When selecting a show for your school to produce, you want to choose a show that is fun, appeals to your students, challenges them, and helps them grow as performers and technicians.
But choosing a show has its issues. Perhaps your students have their hearts set on a musical, but you’ve selected a play. Or maybe they wanted a big name-brand show, while you’ve selected something they’ve never heard of. While they’re excited about the prospect of doing a show and are going to participate, they’re less than thrilled (or perhaps slightly confused) about what you’ve selected. What’s a director to do?
At this point, it’s your responsibility to get your students to “buy into” the show–to agree with and accept the show. Think of it in terms of selling your show to your students. Let them know the show’s “selling features.” Demonstrate what’s in it for them.
Let’s look at five suggestions to help get students enthused about your show from the get-go.
1. Show enthusiasm
First and foremost–YOU need to lead by example and be excited about the production. If you aren’t thrilled to be working on the show, why are your students going to be? Focus on all the great things to look forward to–the juicy character work, the amazing songs and dances, the chance to learn new skills (like using theatrical effects or stage combat), the gorgeous sets and costumes, and anything unique or different about your show. For example, perhaps your school is going to be the first to produce your show in the district, or even the province or state. Maybe you’re going to enter a theatre festival with this production. Perhaps it’s going to be a show you take “on the road” to various other schools. Whatever makes this show unique, really emphasize that with your cast and crew.
Make your enthusiasm infectious! “Kids don’t care how much you know until they know how much you care” is an appropriate quote for this topic. Help your students care about the show by demonstrating care yourself.
2. Explain the plot (and why it’s important/relatable/challenging/etc.)
Maybe your students have never heard of the show you’ve decided to produce. This happened to me when I was directing Peter and the Starcatcher. I had seen the show on Broadway and had read the book series. Because of that (plus the fact it had won Tony Awards), I assumed everyone knew the story.
Newsflash–just because you are intimately acquainted with the material does not mean that your students are. Take some time and explain the plot thoroughly to your students. Don’t assume they will get everything from just reading the script. If there is supplementary material (production guides, videos, book or film versions, and so on), make those available to your students. Help them to understand what they’re working on. What you perceive as indifference or a lack of enthusiasm may just be them not understanding or knowing what’s going on.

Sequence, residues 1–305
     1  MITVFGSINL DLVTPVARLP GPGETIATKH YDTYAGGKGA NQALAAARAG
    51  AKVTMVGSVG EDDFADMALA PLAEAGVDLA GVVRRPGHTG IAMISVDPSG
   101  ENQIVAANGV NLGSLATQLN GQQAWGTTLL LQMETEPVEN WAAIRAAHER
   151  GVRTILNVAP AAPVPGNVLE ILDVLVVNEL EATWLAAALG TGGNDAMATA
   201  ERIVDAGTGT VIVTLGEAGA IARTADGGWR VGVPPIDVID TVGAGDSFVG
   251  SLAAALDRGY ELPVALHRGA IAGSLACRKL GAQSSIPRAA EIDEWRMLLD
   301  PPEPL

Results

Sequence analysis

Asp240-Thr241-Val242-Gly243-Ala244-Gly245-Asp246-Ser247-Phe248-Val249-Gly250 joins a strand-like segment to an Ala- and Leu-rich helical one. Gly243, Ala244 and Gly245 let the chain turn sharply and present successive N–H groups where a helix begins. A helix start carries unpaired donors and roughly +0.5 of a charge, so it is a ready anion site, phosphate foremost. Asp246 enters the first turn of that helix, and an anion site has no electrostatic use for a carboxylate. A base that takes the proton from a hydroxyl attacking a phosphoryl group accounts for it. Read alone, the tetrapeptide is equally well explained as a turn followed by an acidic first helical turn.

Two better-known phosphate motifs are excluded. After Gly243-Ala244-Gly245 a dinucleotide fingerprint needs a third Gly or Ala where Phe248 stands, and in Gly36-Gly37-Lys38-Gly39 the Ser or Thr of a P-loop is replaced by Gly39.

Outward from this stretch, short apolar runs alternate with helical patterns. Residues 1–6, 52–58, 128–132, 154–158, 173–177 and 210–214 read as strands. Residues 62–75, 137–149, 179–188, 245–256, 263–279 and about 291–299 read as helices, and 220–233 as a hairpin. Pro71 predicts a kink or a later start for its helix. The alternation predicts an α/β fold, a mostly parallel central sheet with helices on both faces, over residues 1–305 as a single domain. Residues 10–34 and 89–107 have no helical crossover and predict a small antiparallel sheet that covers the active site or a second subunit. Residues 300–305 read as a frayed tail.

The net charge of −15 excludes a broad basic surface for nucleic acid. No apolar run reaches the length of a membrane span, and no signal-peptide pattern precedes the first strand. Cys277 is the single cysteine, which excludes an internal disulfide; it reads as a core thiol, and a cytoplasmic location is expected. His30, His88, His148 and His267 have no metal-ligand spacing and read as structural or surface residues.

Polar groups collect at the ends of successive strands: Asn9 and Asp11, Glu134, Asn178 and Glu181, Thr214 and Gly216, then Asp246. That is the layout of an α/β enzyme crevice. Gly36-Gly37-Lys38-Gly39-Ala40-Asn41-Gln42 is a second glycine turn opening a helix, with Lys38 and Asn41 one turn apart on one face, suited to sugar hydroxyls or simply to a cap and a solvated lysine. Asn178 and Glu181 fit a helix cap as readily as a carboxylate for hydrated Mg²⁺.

3. Explain your concept
If you have a fun or different twist on your production (and really, you should!), explain it to your students right away. Let them know your ideas for the design of the show, how you’re going to approach the characters, and what is going to make this production really special. This, in turn, will make your students feel special for being a part of it.
Both explaining your concept and showing enthusiasm are simple enough to do at your first rehearsal. But I actually did this for my most recent production ahead of time–digitally. I let the cast know that on a certain date and time I’d be presenting a Facebook Live Video in our private, “cast and crew only” Facebook group. I used that time to explain my concept for the show and how excited I was to be working with them. It was utterly terrifying, but a lot of fun, and a great way to connect with my cast through social media. Lots of different social media platforms have live video capabilities–check them out!
4. Get started right away with a big group number or blocking scene
There’s no time like the present to dive right in! Get the full cast started at the first rehearsal. Consider getting them up on their feet with a big production number or a group scene that everyone’s involved in. Promoting teamwork and ensemble values helps to create a sense of community and helps ensure that everyone feels included. It gives students the chance to get to know each other right away. Plus, it’s fun! Inclusivity + community + teamwork = buy-in.
5. Issue a ticket-sale challenge
A good competition can really help students to buy into a show. Encourage your students to talk up the show early and share updates on social media. Give a prize to the student who gets the greatest number of tickets sold, or offer a pizza party to the cast and crew if they can sell out their opening night performance. Bribery? Maybe. Or perhaps it’s a clever way to get your students to take pride and ownership in their show by advertising and getting audience members right away.
What are your best tips for getting buy-in from students? Share your ideas with us!Click here for a free printable tip sheet!
Kerry Hishon is a director, actor, writer, and stage combatant from London, Ontario, Canada. Explore her blog at www.kerryhishon.com.